The Legend Of Hell House [Original Motion Picture Soundtrack] (1973)

The Legend Of Hell House [Original Motion Picture Soundtrack] (1973)

The Legend Of Hell House [Original Motion Picture Soundtrack] (1973)
Composed by Delia Derbyshire (1937-2001) and Brian Hodgson

Tracklisting:

1. [00:00] Proposition
2. [00:29] Drive To The House
3. [01:56] Outside The House
4. [03:20] Church In Hell
5. [03:58] The Investigation Begins
6. [04:12] The Seance
7. [05:12] The Voice
8. [06:09] The House Speaks
9. [08:36] Everlasting Peace
10. [08:47] The End
11. [ 09:35] The Legend Of Hell House

Directed by John Hough and based on the novel by Richard Matheson, who also wrote the screenplay. The film stars Pamela Franklin, Roddy McDowall (1928-1998), Peter Bowles, Roland Culver (1900-1984), Gayle Hunnicutt, and New Zealand actor Clive Revill. Released just six months before William Friedkin’s classic The Exorcist, The Legend of Hell House had just enough time to make a small impact, before it was completely overshadowed and almost forgotten.

The physicist Dr. Lionel Barrett (Clive Revill) is enlisted by eccentric millionaire Mr. Deutsch (Roland Culver) to make an investigation into ‘survival after death’ in the one place where it has yet to be refuted, Belasco House, the ‘Mount Everest of haunted houses’, originally owned by the notorious Emeric Belasco (Michael Gough), a millionaire infamous for all manner of excessive perversions – sadism, bestiality, necrophilia and cannibalism. The house is believed to be haunted by numerous spirits, victims of Belasco’s twisted and sadistic desires. Accompanying Barrett are his wife, Ann (Gayle Hunnicutt), as well as two mediums: mental medium and spiritualist minister Florence Tanner (Pamela Franklin) and physical medium Benjamin Franklin Fischer (Roddy McDowall), who was the sole survivor of an investigation conducted 20 years before within the very same house. The harrowing film documents the group’s two-week stay in the house. As they argue science versus the supernatural, evil forces shake the house. One-by-one the visitors are stalked by the spirits of the house, which seem to manifest a bizarre and powerful influence on them. Piece-by-piece the terrifying secret of Hell House is unraveled, leading the survivors to the film’s final, shocking climactic revelation. The Legend Of Hell House’s direction and cinematography are impressive, the compositions are suitably atmospheric, utilizing split-focus and high, low and wide angles, and finally, the film’s electronic score is one of the creepiest ever committed to film. While visually it may seem like the film was produced under the Hammer line, it was actually one of the two films James H. Nicholson (1916-1972) produced after leaving AIP and before passing away. Incidentally, Nicholson’s other film was Dirty Mary, Crazy Larry (1974), a car chase film that starred Peter Fonda. While every horror fanatic was waiting in line to see The Exorcist (1973) for the umpteenth time, this modest little English horror film criminally slipped through the cracks. A powerful and almost perversely hypnotic descent into terror and madness, The Legend of Hell House is an absolutely worthy addition to any genre fan’s collection and is easily more enjoyable than many of the supernatural films being released today.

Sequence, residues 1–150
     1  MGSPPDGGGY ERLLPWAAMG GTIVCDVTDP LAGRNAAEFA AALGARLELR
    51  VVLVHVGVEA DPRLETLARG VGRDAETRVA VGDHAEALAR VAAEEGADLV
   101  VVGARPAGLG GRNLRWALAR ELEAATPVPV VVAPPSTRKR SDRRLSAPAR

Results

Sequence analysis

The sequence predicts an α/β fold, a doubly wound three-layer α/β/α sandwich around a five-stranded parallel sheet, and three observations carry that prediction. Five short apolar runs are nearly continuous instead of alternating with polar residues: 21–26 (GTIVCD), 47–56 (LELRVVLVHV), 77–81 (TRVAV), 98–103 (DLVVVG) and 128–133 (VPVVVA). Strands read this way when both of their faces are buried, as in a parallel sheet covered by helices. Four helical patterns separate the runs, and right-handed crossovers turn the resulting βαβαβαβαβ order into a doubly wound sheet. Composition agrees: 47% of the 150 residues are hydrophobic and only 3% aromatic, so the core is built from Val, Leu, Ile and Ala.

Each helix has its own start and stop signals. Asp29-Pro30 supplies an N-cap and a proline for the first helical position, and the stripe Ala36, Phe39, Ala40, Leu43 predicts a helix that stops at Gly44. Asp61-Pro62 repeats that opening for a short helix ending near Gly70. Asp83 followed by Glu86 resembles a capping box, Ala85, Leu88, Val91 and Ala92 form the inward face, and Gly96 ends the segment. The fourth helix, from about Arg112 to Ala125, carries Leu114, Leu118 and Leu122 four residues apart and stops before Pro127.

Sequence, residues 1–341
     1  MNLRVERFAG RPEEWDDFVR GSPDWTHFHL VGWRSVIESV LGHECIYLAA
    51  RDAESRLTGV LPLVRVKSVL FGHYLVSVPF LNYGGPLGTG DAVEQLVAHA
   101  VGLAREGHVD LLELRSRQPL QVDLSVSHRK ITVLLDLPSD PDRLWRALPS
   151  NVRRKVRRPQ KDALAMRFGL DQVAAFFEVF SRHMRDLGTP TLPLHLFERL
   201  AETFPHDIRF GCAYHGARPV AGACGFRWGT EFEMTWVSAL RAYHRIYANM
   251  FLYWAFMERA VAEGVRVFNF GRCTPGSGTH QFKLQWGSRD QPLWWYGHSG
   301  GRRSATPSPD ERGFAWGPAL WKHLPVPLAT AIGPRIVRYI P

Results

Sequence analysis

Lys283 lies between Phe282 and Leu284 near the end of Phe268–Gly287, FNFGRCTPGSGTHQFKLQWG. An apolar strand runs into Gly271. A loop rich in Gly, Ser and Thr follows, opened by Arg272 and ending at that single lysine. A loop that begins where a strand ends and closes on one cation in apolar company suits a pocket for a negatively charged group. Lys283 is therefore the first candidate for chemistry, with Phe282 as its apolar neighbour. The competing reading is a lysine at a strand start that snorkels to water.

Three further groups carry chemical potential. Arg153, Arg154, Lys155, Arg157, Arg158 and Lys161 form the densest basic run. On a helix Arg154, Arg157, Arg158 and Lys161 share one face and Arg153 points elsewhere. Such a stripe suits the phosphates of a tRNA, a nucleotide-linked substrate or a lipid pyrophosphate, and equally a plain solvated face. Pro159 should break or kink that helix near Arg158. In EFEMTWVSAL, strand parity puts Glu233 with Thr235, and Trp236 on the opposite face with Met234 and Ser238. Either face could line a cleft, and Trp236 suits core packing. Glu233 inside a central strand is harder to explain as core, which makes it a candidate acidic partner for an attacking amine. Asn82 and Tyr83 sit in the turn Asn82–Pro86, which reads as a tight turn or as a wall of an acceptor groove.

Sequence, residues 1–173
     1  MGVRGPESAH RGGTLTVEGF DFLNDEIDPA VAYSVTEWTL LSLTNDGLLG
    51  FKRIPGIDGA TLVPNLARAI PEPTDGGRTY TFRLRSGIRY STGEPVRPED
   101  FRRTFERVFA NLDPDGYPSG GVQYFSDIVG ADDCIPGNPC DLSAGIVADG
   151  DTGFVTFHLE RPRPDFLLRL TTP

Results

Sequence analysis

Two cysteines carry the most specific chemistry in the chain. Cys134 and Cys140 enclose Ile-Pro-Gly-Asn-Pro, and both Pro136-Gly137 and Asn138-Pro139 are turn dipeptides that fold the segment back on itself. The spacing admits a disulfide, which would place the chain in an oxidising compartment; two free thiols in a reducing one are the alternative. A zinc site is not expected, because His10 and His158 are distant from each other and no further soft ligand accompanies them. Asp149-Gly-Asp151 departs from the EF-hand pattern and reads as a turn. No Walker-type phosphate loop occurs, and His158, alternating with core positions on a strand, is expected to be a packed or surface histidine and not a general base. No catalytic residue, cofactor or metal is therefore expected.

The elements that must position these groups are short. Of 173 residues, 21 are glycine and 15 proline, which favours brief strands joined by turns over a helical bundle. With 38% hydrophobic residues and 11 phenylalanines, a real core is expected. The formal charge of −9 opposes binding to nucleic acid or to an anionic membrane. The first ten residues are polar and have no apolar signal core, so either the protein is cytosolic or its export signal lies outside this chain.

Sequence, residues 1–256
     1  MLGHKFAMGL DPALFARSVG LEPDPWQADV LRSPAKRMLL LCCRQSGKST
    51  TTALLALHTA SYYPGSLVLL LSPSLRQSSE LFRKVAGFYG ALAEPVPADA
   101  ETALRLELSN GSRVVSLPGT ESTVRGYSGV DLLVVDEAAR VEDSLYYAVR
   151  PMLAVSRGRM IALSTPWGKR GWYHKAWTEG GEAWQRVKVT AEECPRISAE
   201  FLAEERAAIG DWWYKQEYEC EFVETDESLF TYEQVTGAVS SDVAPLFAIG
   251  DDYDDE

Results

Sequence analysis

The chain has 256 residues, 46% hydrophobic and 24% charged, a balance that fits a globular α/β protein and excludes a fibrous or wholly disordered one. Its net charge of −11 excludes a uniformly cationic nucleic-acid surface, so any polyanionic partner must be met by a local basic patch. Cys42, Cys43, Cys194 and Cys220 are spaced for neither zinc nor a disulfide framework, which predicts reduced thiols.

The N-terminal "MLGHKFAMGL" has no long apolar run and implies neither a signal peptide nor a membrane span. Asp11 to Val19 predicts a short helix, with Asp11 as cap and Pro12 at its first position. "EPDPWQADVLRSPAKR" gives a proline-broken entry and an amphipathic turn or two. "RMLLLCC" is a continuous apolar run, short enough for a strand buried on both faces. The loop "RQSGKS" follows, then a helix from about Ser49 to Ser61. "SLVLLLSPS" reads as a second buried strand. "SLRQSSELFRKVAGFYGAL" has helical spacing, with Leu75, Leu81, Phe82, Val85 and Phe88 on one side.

BBC Radiophonic Workshop stalwarts Delia Derbyshire (best known for her electronic arrangement of the theme music to Doctor Who) and Brian Hodgson work some black magic to create a perfectly nightmarish affair, with it’s pulsing, throbbing, unsettling electronica complete with heavy breathing, screams (naturally), indiscernible voices, and an almost continuous drone. It’s a short but brilliantly effective creation. The soundtrack remains unavailable commercially. The score here was ripped from DVD by an unknown devotee who goes by the name of ‘The Master Cylinder’, a well known figure among rare soundtrack/score enthusiasts, having ripped and released soundtracks and scores for hundreds of films that were never officially released. This particular release was numbered MC 208. Capturing the gothic essence in a modernized fashion, the score is one of the most unique aspects of the film and definitely a must have for any serious soundtrack collector.

This video is for promotional use only. I do not own the rights to the music. All rights belong to the artist / band.